Paul Lerner & Joes Segal, eds.
Alternative Realities: Utopian Thought in Times of Political Rupture
Bulletin Supplement 14 (2019)Download
For this volume, we selected several of the most thought-provoking contributions which, taken together, highlight the major themes and perspectives that ran through the conference presentations and discussions, divided into sections on Countercultures, Ideologies and Practices, and Alternative Visions. Taken together, these essays shed new light on the history of utopian thought and on the experience and representation of major twentieth-century turning points. They disrupt simplistic dichotomies between revolutionary and conservative movements, revealing the utopian impulses behind conservative ideas as well as the nostalgia and conservatism at the heart of some of the century’s most forward-looking and progressive moments and movements. Similarly, they break down barriers between East and West, revealing the operation of similar tendencies and patterns on both sides of the Iron Curtain, as capitalist and communist regimes marched toward alternative, but ultimately parallel, visions of modernity. They chart the petering out of the twentieth century’s boldest and most ambitious projects — of creating new men, new women, new people — and yet show the reemergence of utopian longings in the retreat to the familiar, the local, and the traditional. Twentieth-century Europe’s darkest moments saw the stirrings of new utopian aspirations, and we suspect that this dialectic will continue to characterize the twentyfi rst-century world, which, by all indications, suggests that history is anything but over.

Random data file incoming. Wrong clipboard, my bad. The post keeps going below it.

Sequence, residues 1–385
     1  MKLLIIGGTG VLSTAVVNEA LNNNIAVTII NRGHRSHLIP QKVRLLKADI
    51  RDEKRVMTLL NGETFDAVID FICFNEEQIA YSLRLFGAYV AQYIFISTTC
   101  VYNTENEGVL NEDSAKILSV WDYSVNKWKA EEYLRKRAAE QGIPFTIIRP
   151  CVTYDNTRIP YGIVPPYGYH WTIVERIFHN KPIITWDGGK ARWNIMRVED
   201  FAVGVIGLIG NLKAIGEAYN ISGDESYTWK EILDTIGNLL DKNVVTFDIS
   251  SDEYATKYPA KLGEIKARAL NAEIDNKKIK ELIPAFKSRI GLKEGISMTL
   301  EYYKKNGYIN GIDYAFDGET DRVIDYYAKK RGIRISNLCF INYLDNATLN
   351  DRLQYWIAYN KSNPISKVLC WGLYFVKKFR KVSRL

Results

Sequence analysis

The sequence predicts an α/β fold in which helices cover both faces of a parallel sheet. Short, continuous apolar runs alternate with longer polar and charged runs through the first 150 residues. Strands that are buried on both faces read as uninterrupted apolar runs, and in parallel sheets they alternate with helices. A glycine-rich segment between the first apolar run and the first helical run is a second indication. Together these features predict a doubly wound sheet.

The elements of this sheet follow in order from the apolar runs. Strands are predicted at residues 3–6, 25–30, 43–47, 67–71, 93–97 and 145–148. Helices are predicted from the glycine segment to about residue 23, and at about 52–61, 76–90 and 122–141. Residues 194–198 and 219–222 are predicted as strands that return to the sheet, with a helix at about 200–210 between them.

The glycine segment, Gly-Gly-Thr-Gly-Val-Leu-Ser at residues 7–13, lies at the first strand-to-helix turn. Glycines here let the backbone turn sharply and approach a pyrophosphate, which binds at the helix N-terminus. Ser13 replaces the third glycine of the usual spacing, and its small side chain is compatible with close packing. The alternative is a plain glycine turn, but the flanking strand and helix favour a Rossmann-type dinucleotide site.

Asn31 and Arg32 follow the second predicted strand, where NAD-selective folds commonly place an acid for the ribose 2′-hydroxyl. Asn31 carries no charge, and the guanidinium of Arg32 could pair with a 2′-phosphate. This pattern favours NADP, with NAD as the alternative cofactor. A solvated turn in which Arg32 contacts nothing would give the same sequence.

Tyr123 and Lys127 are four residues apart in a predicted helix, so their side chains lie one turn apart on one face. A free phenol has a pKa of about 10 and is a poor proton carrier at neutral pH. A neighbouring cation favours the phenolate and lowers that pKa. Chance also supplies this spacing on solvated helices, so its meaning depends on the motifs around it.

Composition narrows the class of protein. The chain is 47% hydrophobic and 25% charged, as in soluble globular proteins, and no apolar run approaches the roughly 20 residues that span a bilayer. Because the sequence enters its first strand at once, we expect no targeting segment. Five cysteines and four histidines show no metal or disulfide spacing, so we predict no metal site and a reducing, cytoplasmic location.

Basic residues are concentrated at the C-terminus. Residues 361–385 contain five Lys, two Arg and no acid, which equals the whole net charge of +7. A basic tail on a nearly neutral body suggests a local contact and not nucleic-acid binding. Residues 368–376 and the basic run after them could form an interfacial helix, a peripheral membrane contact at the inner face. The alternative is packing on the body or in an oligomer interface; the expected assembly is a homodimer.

Joes Segal and Paul Lerner: Utopia and Crisis: An Introduction to Twentieth-Century Alternative Realities
Farrah Karapetian: The Body Politic: From Meyerhold to My BarbarianErin Sullivan Maynes: Currency and Community: Labor, Identity, and Notgeld in Inflation-era ThuringiaRobbert-Jan Adriaansen: Beyond Historicism: Utopian Thought in the “Conservative Revolution”
IDEOLOGIES AND PRACTICES
Aviva Halamish: Kibbutz as Utopia: Social Success and Political Failure Oliver Sukrow: Networks: On the Utopian Qualities of Technology, Cybernetics, and Participation in the GDR of the Late 1960s Anna Krylova: A History of the “Soviet”: From Bolshevik Utopia to Soviet Modernity
Maarten Doorman: Revolution or Repetition: Woodstock’s RomanticismAnikó Imre: Utopian (Tele)visionsFriend and Colleague: This Has Never Happened Before